Centre Pompidou, the contemporary art hub in Paris, has recently attracted a plethora of admirers of the great master of surrealism, the Belgian artist René Magritte. Over 100 pieces are presented from the artist’s first exhibition (1927): peintre de la pensée abstraite (painter of abstract thinking) till the year he deceased (1967). The exposition ‘Magritte. La Trahison Des Images’ (‘Magritte. The rebel of images’ in English) gives the public a chance to have a glimpse of the maestro’s aesthetic world.

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Interior view of exhibition | Photography courtesy of Centre Pompidou

The exhibition hall is divided into 5 separate rooms to introduce the unique aesthetic vision of René Magritte. Room 1: portrait de Magritte en philosophe, shows the overall artistic ambition of Magritte.He challenged traditional philosophies of painting and pushed the audience to recognize the relations between paintings and reality.

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Interior view of exhibition | Photography courtesy of Centre Pompidou

His representative work <Trahison Des Images> satirized those who claimed they understood his works and vision. In the same year, he published in La Révolution Surréaliste where he expressed his ideas about practicing words in the images. This demonstration form is omnipresent in Magritte’s works. Well put lines and drawing figures with precise calculations are also the signatures of René Magritte.


La Durée poignardée, 1938 | ©Adagp, Paris 2016

The sensational phrase ‘Ceci n’est pas une pipe’ (‘This is not a pipe’ in English) on a painting portraying a pipe is the typical piece in Room 2: les mots et les images. The contradiction of words and images, derived from the Bible, makes Magritte’s work an art statement that delivers powerful messages. Much like a jeu de mots (play on words) which inspires reverse thinking.

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La Trahison des images, 1929 | ©Adagp, Paris 2016

“I’m often asked what my painting conceals. Nothing! I paint visible images which evoke something that is incomprehensible.”

— René Magritte


La clef des songes, 1935 | ©Adagp, Paris 2016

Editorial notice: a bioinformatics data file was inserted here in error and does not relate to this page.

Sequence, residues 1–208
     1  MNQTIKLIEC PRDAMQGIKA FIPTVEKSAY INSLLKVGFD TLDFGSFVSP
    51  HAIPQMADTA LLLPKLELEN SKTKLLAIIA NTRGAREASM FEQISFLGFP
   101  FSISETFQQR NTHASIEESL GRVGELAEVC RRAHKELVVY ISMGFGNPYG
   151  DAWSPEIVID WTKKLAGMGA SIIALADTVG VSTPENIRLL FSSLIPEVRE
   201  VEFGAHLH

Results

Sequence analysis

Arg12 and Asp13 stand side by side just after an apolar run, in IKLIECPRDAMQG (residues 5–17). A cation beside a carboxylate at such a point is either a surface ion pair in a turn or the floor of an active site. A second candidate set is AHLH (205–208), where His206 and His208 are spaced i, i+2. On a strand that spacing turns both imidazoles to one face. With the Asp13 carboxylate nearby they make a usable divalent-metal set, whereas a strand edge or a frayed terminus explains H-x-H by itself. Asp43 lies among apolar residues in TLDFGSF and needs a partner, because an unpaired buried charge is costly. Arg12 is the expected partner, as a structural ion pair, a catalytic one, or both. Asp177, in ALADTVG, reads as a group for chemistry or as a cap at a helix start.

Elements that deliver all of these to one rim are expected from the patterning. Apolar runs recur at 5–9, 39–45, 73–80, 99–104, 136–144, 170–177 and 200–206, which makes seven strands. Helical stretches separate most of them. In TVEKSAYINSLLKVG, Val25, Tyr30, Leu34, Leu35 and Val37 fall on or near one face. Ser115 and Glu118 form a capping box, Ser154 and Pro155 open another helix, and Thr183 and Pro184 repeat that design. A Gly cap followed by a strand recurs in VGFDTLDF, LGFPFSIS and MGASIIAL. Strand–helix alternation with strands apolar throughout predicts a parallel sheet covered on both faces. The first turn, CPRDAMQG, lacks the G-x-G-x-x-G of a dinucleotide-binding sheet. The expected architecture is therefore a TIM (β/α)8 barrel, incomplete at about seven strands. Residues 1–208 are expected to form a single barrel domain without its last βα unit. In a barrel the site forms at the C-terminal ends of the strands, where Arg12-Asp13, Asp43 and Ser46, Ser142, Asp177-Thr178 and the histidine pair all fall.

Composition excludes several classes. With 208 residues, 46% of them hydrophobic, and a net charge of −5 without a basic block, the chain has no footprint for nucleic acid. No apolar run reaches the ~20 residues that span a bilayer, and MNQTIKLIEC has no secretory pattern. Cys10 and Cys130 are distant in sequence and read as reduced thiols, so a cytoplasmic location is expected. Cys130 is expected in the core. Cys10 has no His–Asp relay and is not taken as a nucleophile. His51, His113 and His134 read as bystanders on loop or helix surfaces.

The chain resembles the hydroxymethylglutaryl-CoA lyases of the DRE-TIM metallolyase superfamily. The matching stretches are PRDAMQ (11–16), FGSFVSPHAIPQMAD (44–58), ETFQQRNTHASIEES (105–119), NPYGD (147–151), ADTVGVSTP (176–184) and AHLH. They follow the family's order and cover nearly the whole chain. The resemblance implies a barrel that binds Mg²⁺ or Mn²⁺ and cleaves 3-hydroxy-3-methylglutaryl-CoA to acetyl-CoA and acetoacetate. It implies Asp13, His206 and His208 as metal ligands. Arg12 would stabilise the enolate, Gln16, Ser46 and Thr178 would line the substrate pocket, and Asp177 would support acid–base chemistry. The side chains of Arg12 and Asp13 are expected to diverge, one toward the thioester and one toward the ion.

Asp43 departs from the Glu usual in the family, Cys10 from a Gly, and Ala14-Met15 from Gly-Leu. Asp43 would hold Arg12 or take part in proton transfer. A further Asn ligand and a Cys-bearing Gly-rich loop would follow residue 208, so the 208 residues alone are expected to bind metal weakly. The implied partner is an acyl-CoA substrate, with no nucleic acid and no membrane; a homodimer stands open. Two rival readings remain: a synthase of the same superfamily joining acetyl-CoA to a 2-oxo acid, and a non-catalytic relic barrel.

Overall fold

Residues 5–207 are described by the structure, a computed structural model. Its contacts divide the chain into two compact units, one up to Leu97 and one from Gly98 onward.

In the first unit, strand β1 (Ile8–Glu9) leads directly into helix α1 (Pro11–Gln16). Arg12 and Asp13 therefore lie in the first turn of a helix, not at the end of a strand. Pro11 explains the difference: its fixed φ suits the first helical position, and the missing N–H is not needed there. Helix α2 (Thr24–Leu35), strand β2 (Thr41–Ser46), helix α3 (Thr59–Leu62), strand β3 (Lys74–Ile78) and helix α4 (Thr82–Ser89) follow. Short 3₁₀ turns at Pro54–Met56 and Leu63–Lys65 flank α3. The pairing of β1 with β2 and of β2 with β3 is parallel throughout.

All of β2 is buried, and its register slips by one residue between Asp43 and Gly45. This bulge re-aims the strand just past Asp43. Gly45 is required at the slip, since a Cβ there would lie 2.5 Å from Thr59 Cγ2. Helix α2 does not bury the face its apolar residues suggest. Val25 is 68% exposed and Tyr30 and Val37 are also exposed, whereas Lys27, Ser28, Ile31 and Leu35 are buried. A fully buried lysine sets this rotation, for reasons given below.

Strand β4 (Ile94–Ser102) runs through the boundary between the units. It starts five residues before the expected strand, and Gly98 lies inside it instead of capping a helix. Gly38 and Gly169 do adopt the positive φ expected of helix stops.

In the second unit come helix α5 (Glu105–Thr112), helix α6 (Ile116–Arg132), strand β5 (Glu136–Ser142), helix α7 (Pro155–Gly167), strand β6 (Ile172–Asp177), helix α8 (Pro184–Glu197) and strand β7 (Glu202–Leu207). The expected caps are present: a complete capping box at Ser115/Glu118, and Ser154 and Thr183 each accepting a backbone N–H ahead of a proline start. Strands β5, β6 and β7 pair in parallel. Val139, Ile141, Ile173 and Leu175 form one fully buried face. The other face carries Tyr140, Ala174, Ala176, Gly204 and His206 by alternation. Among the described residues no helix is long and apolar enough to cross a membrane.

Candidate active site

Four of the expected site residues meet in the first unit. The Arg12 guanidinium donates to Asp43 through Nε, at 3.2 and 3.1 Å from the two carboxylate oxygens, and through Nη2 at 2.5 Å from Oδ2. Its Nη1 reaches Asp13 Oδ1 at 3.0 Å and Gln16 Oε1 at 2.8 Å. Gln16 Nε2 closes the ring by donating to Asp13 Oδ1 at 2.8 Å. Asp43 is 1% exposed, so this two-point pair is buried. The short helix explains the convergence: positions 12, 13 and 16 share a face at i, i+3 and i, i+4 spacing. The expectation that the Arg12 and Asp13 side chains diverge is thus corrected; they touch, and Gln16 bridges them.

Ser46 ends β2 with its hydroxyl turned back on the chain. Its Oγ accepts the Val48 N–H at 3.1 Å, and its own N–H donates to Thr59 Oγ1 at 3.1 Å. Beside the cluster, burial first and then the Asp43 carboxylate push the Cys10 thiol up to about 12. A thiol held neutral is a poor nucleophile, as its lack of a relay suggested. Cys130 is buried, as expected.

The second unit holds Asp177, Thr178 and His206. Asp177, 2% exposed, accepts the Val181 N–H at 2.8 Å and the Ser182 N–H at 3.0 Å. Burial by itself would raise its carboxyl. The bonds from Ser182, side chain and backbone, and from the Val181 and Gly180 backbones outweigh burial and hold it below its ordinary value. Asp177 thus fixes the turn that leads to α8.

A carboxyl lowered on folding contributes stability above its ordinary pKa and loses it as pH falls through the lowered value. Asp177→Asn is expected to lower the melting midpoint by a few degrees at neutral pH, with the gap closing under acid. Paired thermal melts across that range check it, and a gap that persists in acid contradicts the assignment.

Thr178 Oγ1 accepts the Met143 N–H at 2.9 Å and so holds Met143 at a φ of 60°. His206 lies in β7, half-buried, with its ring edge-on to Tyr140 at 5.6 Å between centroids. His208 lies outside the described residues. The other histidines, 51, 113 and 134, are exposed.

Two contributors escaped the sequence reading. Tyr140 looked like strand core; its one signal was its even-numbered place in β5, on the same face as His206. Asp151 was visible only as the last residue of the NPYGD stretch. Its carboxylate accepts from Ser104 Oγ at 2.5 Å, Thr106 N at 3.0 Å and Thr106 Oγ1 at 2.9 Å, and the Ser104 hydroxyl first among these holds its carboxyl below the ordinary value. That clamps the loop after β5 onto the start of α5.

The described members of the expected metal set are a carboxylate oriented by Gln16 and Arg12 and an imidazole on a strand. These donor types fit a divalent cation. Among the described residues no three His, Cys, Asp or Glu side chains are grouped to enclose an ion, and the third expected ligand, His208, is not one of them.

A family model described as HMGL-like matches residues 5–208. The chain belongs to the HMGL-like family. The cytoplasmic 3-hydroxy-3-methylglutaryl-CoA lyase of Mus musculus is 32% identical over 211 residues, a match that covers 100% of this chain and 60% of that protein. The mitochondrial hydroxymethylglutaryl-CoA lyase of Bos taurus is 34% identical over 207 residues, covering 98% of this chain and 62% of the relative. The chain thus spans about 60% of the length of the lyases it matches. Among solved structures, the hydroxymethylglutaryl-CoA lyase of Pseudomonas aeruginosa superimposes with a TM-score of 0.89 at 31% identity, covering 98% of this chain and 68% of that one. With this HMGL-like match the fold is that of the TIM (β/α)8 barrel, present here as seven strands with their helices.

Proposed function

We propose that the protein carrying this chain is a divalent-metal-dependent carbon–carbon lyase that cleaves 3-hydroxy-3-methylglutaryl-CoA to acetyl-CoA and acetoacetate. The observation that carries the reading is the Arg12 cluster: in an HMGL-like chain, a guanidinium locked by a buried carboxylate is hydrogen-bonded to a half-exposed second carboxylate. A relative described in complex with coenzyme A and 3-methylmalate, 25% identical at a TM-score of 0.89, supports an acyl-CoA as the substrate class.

In the Room 3: l’invention de la peinture, you can discover 3 indispensable elements in Magritte’s paintings: candle, shadow and silhouette. His pieces explore the question if paintings can reproduce reality. He drew inspiration from ordinary objects from daily life and fused his ideas into those familiar figures. Experimenting with surrealism, Magritte’s works depicted the ‘impossible’. Audiences are treated with a revolutionary visual feast. If you believe dreams are a reflection of reality, then in Magritte’s work, it can work both ways.


La lampe philosophique, 1936 | ©Adagp, Paris 2016

Room 4: allégorie de la caverne takes the Platonic allegory to the heart. The allegory criticizes those prisoners in the cave who still hold on to the deceived life after knowing the truth. Applying metaphors such as fire, caves or enclosed space, Magritte interrogated traditional philosophy on its hasty judgment, of the relationship between images and truth in his works.


La Condition humaine, 1935 | ©Adagp, Paris 2016

In common with other works of René Magritte, he tried to evoke public attention on the status of art works and perceived reality. Although Magritte imbedded a rebellious spirit in each of his pieces, he still embraced the Greek definition of art: to imitate nature. He insisted painting not merely an aesthetical creation but also a way to visualize thoughts.


Le Souvenir déterminant, 1942 | ©Adagp, Paris 2016

Room 5: rideaux et trompe-l’oeil/ la beauté composite is comprised of two parts. The Rideaux et trompe-l’oeil section showed Magritte’s passion of representing the effect of trompe-l’oeil (realistic imagery) which leads the eyes to fail to recognize which is still life and which is curtain. Curtains can both hide and reveal. Under Magritte’s brush, curtains, like walls and canvas, are the screens between eyes and the world. This adds dramatic touch to his works.

“I could see the world as if it were a curtain in front of my eyes.”

— René Magritte


Les Mémoires d’un saint, 1960 | ©Adagp, Paris 2016

Magritte’s pursuit of fragmented beauty and digression from classic harmonic beauty is clear to see in the la beauté composite section. The absolute rupture from the standard conceptions of beauty is presented through a series of collages using women’s body parts. This typical surrealist statement believes no total perfection exists and shakes the rein of traditional philosophies of beauty.

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Interior view of exhibition | Photography courtesy of Centre Pompidou

On the walls of the Room 1, it writes repeatedly in French ‘the problem of lights’, ’the problem of mountains’, ‘the problem of women’, ‘the problem of rain’, ‘the problem of chairs’, ‘the problem of shoes’…… <Problems> is the first work Magritte presented. Lights, mountains, women, rain, chairs, shoes…… are the subjects in his paintings. These all serve as the medium of which René Magritte has tried to express to the audience: what you believe at first sight from the paintings are not true. He upheld his condemnation against the traditional false nature of painting through out his career.

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Special thanks to Centre Pompidou for press materials.

Visit the Centre Pompidou at Place Georges-Pompidou, 75004 Paris, France.